I can confirm this is bullshit.

Thanks so much!

Pam wrote: "Hi Schuler,
One thing I particularly enjoy in all your stories is your use of dialect, the language of place. For me the characters really come alive; I can hear them speaking. How do you go about ..."



message 32: by Lori, Super Mod (new)

Lori (tnbbc) | 10060 comments Mod
Schuler,

What's your writing routine like? Are you an early morning guy or a late night guy or as the mood strikes kinda guy?


message 33: by Kevin (new)

Kevin Catalano | 2 comments Hey Schuler,

I'm grateful to have been introduced to your writing and your dark, funny online personality!

This isn't a question, just a list of the lines I highlighted as I read. You have that rare talent of being able to tell a story in a linguistically interesting way. (Many are good at either, but few are strong at both.)

“Y’all got any kinda specials or sump’m? Like a three-fer-one or twofers or nothin’?” Charlie says.

Denny crossed his arms and clenched and unclenched his jaw, a process that’d helped him think since flying choppers

Marx walked back to his car, shoulders slung low under shame, in a far less officious capacity than the one that first brought him from the car.

Louisiana in the summer is like living inside of a mouth.

Between stifling what would’ve come out as a howl or a wail or other music of distressed, thumbless animals, stilling shoulders that seized with every other heartbeat, he pushed salt and thyme and coriander in front of his doubt, shut the cabinet door, and went down the hall to check on the safety of the only holiness he knew in the world, the only purity he could touch.


Nadine raised her nose high and took in the store’s odor like she was gleaning secrets from it, a wolf in wait.

The world reflected through a bead of snake venom.

Sound bounced off the tile and concrete of the otherwise empty room, and for a moment, Charla believed those small, square doors would open and spew out decades of bodies waiting for grave dirt they never met.


With a roar, the corner of the ceiling above the body wall ripped away, opening the room to pouring rain and mud, filtering rainbows from ironic rays of sunshine.


message 34: by Leah (new)

Leah Angstman (leahangstman) | 56 comments Kevin wrote: "A list of the lines I highlighted as I read..."

I'm taking credit for the good editing of some of those lines. ;)


message 35: by Shana (new)

Shana DuBois (booksabound) | 5 comments I have always enjoyed short stories as a gateway into an author and I truly enjoyed your collection. With the horror elements within the stories being more reflections from within the characters and the events surrounding them, I'm curious if you see future works continuing in this vein or trying to dig even deeper below the surface of what the human psyche holds.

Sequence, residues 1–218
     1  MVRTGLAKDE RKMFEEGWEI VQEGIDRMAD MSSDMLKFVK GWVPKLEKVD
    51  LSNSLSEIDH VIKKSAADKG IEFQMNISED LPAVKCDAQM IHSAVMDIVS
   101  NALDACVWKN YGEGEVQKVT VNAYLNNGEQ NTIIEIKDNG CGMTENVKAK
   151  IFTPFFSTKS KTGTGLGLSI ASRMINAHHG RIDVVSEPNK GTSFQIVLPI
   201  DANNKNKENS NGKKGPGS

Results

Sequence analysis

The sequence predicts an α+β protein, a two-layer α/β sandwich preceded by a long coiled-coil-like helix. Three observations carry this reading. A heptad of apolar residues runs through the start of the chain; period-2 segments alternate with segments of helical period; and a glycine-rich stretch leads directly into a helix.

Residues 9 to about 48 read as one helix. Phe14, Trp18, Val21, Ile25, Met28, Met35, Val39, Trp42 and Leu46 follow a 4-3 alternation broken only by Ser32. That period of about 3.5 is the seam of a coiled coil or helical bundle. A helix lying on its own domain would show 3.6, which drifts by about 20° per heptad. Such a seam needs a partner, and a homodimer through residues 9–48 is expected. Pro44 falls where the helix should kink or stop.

message 36: by Schuler (new)

Schuler Benson (schulerbenson) | 36 comments So, yeah, writers... if you've never had a professional edit your work before, it'll blow you away how much tighter it gets. You hear these stories about great writers who, like, constantly fought their editors tooth and nail. And that may totally be something you're supposed to do, but for the most part, I'm just like, "Yes. Edit it. Do whatever you want." For real though, Leah (who, in case anyone doesn't know, is the Alt Current head honcho) is a meticulous editor and a supportive publisher.

Leah wrote: "Kevin wrote: "A list of the lines I highlighted as I read..."

I'm taking credit for the good editing of some of those lines. ;)"



message 37: by Schuler (new)

Schuler Benson (schulerbenson) | 36 comments Hey, Lori! I think, compared with most writers I've discussed this with or whose interviews I've read, I'm pretty bland when it comes to a writing routine. Typically I get most of my work done on my laptop in my bedroom. No coffee shops, no bars, no airport terminals or any other cool, eccentric places. I prefer it quiet, but sometimes I'll have music on, or I'll listen to my dog lick the floor. Oh, I typically have a jug of water nearby. Haha.

No particular time of day, either. I keep a pretty active schedule during the day, so I'm usually in bed at a fairly decent hour. No all-nighters. I guess I probably prefer daytime during the weekends, but it's nothing that's set in stone. Thanks!

Lori wrote: "Schuler,

What's your writing routine like? Are you an early morning guy or a late night guy or as the mood strikes kinda guy?"



message 38: by Schuler (new)

Schuler Benson (schulerbenson) | 36 comments Kevin, thanks so much, man. Some of those lines are some of my very favorites. I do keep a pretty close eye on how prose reads at a line level. If anything, I've gotten some suggestions in recent workshops that, in tense scenes, I may need to dial back some of the sentence-level acrobatics in service of letting the scene take the focus. I love getting the chance to work with other writers to get better at this.